Our problems in urban governance emanate from our inability to pose the right questions
Discussions invariably lead to a comparison with China. Quick on its heels is abject surrender to the dictum: China is not a democracy like ours. It can acquire land for road widening by easily kicking people off their property. This is impossible in India, with public protests and endless court battles. Ergo, Chinese cities are better. Despondency in, discussion over.
Next comes land acquisition. While Urban Land Acquisition (ULA) is an important tool, government’s perceived inability to acquire land in cities becomes a catch-all excuse for giving up. How did world class cities become world class? If our city governments miraculously acquired private land for development, would our cities transform themselves into something world class? These questions need serious examination.
Let us first painfully remind ourselves of some realities. Our urban governance system is in shambles. Routine chores that even semi-modern cities take for granted – effective solid waste management, well designed and engineered roads that cater to all its citizens, robust public transportation, round-the-clock portable water, vibrant open spaces, vigilant public health system, safe and well light neighbourhoods – are non-existent or infuriatingly ineffective.
Planning – a pet demand, and peeve, of Indian citizens – requires sophisticated capabilities to evolve a progressive thought regarding the poor, the elderly, the differently-abled, and the environment. It requires a city’s continuous engagement with its citizens in a multi-layered dialogue; a constant learning from the experience of other cities, not to mention our own; periodic strengthening and scraping of laws to increase individual freedom while maximising public good. Can we do any of these satisfactorily?
To use the worn-out management cliché, you can manage only what you can measure. But our cities never measure outputs, never collect data, and never save governance history and knowledge. A governance data centre that collates disparate data from myriad agencies and processes them into practical insights is inconceivable. More examples abound but this litany would suffice.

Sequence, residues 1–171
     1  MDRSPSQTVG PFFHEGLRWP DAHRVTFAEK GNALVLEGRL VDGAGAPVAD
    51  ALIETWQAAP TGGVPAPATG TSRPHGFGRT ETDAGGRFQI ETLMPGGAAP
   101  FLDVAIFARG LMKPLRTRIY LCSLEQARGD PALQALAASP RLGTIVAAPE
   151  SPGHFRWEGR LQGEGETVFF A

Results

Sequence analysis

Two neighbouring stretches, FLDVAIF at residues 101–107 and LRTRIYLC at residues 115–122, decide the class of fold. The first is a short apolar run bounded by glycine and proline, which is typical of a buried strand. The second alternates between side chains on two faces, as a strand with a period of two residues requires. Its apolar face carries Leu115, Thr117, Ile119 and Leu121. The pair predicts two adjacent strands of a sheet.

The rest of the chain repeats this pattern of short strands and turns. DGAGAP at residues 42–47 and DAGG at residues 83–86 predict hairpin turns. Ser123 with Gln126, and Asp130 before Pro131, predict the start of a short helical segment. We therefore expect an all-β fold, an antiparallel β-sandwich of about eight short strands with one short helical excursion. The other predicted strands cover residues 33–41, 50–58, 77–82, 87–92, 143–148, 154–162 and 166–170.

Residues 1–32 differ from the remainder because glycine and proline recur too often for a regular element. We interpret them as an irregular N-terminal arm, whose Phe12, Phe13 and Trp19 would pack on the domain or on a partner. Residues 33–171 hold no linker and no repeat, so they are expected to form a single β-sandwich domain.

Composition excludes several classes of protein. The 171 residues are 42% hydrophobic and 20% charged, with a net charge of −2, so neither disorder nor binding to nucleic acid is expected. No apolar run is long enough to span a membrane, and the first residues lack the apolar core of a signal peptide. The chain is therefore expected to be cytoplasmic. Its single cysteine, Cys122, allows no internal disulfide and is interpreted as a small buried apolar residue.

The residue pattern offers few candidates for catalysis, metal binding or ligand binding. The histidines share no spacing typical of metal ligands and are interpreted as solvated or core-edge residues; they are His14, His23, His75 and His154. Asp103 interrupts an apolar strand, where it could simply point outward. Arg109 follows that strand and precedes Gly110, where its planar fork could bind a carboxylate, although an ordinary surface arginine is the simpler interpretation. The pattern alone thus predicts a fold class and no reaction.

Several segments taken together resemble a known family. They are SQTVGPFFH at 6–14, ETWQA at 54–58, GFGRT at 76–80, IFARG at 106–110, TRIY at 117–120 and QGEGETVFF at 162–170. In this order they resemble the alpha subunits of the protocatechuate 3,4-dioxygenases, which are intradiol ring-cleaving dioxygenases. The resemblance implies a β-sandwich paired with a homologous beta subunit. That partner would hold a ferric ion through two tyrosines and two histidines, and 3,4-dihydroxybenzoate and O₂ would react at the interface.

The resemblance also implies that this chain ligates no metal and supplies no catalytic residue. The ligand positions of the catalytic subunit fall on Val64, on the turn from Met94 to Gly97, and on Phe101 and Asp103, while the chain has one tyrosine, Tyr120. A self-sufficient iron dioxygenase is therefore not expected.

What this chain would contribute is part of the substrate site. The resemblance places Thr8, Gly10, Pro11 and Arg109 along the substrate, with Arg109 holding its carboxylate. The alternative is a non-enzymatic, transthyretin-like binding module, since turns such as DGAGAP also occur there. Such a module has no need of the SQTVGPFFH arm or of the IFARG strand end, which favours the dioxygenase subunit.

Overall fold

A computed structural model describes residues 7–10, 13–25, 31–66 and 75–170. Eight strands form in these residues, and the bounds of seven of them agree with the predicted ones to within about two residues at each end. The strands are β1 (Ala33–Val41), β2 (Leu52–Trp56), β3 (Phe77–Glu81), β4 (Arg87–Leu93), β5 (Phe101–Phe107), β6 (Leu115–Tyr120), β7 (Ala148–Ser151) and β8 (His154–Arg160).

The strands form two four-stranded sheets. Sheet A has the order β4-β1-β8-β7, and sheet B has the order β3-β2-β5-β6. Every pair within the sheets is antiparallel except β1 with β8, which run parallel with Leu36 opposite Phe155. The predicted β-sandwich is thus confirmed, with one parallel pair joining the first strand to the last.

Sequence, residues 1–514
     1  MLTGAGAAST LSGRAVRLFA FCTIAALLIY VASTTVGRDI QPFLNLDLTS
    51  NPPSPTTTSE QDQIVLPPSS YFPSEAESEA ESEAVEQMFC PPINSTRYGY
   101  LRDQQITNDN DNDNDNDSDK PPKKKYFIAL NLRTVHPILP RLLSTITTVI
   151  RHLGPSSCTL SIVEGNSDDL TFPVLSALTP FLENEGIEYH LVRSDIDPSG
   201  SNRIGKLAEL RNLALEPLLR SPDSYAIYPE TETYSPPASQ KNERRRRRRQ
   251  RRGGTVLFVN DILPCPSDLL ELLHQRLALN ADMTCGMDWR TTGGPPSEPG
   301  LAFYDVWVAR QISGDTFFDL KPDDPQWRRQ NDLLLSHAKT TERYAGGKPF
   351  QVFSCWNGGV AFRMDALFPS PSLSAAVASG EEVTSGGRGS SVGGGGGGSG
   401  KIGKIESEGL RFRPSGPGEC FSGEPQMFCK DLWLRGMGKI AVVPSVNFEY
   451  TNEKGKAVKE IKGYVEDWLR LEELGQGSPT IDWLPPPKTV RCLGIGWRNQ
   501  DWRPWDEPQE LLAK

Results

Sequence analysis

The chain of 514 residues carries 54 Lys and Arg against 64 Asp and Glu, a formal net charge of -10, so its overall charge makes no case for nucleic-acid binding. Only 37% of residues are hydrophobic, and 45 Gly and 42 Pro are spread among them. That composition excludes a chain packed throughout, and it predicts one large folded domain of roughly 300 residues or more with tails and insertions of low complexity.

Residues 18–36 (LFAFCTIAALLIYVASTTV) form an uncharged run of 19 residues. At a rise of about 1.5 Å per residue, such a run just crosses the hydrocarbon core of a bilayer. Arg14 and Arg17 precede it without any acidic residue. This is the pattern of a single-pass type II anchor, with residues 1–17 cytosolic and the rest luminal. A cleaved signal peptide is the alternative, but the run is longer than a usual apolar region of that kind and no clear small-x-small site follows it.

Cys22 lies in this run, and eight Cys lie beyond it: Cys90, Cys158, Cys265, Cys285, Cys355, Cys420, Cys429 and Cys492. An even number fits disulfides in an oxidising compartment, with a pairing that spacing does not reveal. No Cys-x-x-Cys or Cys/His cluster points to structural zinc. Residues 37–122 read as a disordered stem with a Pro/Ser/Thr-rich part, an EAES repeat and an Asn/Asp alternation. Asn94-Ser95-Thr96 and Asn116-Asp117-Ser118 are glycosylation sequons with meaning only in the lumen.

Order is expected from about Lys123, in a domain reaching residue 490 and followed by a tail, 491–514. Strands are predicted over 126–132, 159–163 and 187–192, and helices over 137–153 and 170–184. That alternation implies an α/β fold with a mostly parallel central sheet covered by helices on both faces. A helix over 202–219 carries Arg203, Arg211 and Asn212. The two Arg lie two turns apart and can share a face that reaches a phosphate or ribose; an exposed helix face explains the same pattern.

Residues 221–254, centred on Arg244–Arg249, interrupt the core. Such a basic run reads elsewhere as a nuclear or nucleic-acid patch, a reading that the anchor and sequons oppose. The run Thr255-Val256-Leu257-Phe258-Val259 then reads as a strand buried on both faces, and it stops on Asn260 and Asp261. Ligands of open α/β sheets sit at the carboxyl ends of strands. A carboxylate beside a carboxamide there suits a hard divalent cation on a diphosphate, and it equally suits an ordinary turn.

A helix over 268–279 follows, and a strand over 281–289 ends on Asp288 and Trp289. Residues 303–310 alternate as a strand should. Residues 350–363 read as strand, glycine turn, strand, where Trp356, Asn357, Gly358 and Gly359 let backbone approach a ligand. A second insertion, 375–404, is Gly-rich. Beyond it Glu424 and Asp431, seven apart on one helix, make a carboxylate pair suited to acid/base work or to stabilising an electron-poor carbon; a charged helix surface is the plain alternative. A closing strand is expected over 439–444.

Let us get back to standing in the middle of any arterial road. What does one see? Congestion and chaos, deadlocked junctions, choked roads, pedestrians on road, encroached sidewalks, huge swaths misused by haphazard parking, unusable puddles and no-man’s lands. The city soon falls into a simplistic trap: acquire land, widen the road and provide more lanes for traffic. The problem is solved.
If you ask the wrong question, you will get the wrong answer. In India the burden of solving congestion usually falls on the city corporation (or the Highways Department which, believe it or not, manages key city roads). This would be fine if the city had control over other elements in the fight against congestion – parking, public transportation, traffic police, regulation of vehicle purchase and registration, power to levy taxes for congestion and pollution. But thanks to our highly centralised form of governance, most of these functions come under the purview of state and central governments. It is easier to straighten a dog’s tail than to ensure a coordinated, comprehensive approach to urban solutions.
Coupled with inadequacies in planning capabilities, which also fall under the purview of the state, and its inability to consider area or city wide solutions, the city asks the wrong question: what can be done about congestion at this junction or on this road. Predictably the appointed consultant counts vehicle, measures road width and comes to the inevitable conclusion (road capacity already exceeded), repeats mantras (junction with 10,000 Passenger Car Unit (PCU) deserves a flyover) and hence the inescapable solution – flyover, road widening or elevated roads.